All MBTA subway cars with some sort of train control system have a way to cut it out if needed. The Blue Line still uses train stops (see here for explanation of how they work in NYC), and the cars have a "Trip Cut Out" that can bypass that system. You need to have a way around these things when something goes wrong, but that's when you depend on the operator following procedure and not taking other measures to defeat safety systems.

*Cab signalling (which ATO is a more advanced version of) sends coded signals to trains at different frequencies which indicate what speed the train should operate at. "Stop" (i.e., 0 mph) is done through the absence of a coded signal, hence the fail safe that if the train stops picking up the speed code, it will stop. So, if there's no way to transmit a speed code to the train, your only means of getting it past will be to cut out the ATO.

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Yes, exactly!

The broader question is why a 28-year veteran operator found it necessary to tie off the Cineston Controller to make the bypass work. There is more to this than operator error.

People who ride the trains daily should really familiarize themselves with the safety features and maybe even catch a video or two on how trains operate and where the emergency brakes are.

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I mentioned in the other thread, that it would take some significant knowledge of how the system works to have the courage to pull the ebrake. Considering research into group dynamics I bet everyone was thinking that maybe someone else should pull it because who wants to be responsible to stopping the train and basically stopping the red line for who knows how long and messing everyone's commute up.

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two stations without stopping.

Gee, there's no response from the operator's cab.

But I'm not going to pull the emergency brake and stop this train that is apparently running away. I'll call the Transit Police (who are totally unable to stop the train) instead.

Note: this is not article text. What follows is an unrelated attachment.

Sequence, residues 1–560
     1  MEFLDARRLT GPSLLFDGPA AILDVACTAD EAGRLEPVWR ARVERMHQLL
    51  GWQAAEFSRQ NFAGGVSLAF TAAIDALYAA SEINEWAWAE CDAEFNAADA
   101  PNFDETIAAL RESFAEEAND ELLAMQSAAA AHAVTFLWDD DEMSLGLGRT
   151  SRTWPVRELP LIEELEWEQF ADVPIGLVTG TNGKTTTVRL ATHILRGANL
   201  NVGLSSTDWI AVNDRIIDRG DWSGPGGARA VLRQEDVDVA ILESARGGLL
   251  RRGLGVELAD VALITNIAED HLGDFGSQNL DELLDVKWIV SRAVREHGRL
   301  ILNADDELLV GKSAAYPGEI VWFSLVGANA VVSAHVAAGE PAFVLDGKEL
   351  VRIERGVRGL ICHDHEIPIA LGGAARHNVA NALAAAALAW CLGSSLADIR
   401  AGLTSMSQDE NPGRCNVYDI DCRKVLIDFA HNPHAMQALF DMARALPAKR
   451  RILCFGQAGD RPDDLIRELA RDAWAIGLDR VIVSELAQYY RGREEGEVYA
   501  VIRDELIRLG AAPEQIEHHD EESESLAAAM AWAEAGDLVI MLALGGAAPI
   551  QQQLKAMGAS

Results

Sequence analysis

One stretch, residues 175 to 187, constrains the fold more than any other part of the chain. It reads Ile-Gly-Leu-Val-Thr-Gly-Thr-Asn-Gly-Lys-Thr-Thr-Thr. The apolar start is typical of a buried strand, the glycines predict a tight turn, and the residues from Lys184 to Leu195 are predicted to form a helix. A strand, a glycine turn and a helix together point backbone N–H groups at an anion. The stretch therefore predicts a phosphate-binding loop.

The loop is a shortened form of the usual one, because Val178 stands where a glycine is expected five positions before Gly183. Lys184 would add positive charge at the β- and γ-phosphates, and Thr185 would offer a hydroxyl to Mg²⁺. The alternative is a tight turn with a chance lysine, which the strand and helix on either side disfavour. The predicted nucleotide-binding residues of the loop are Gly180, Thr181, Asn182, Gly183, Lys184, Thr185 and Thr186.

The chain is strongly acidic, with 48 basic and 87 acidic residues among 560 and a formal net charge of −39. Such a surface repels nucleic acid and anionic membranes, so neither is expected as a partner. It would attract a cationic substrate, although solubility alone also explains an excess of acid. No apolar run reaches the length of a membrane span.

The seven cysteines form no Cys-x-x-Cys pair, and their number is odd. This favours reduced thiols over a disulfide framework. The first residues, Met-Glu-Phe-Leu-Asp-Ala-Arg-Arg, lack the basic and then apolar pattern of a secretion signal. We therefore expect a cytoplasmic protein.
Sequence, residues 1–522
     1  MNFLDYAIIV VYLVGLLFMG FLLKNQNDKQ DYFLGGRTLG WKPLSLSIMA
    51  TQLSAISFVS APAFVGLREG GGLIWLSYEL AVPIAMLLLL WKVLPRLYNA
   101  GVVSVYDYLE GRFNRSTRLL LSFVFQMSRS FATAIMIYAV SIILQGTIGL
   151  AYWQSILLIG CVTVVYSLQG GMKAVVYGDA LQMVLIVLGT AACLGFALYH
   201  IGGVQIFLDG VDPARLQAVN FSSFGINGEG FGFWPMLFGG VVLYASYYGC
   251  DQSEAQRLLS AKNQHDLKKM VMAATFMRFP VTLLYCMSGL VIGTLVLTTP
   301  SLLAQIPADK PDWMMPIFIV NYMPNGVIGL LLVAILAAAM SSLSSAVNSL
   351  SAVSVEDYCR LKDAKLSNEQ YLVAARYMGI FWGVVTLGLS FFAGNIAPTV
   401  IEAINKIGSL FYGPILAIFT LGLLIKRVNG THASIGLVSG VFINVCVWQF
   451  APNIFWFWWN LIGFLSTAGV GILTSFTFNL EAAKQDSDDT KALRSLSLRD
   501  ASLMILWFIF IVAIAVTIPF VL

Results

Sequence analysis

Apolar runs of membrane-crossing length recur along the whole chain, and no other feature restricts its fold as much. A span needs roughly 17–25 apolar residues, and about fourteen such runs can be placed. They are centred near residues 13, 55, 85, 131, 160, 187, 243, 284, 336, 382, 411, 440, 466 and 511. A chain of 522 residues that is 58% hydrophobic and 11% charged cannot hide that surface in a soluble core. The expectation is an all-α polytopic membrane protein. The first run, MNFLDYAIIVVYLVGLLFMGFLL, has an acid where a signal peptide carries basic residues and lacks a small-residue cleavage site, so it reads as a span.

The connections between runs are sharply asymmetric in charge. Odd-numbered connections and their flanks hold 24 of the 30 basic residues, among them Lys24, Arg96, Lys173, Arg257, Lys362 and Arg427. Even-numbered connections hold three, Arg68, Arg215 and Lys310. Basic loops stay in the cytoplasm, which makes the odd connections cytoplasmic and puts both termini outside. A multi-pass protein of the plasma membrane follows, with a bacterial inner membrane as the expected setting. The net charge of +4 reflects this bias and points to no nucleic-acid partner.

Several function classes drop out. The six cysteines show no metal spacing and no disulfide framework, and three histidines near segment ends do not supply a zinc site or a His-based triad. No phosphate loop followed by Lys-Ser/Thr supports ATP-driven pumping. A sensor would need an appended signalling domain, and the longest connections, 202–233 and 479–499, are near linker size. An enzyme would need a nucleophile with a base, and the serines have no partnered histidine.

One question - if Operations was unable to cut the power to the third rail in a timely manner and the train then crashed into another train as a result, would you still argue that not pulling the emergency brake was the right course of action?

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IMAGE(http://transit.toronto.on.ca/photos/images/subway-5503-17.jpg)

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resorted to duct tape and bubble gum to get the signal to allow the train to move? Was this a common practice, to avoid repair, shutdowns, delays and the resulting bad press? Are the operators told to do whatever needs to be done to keep the trains moving on time? The operator may not be the brightest bulb but he shouldn't be taking the hit for a system on the verge of collapse.

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of a famous piece. "On mounting a rising ground, which brought the Red Line train in relief against the sky, gigantic in height, and creaky with rust, Ichabod was horror-struck on perceiving that it was headless!--but his horror was still more increased on observing that the train, which should have stopped at JFK was rolling merrily on to Alewife!" - Washington "Sully" Irving, The Legend of MBTA Hollow.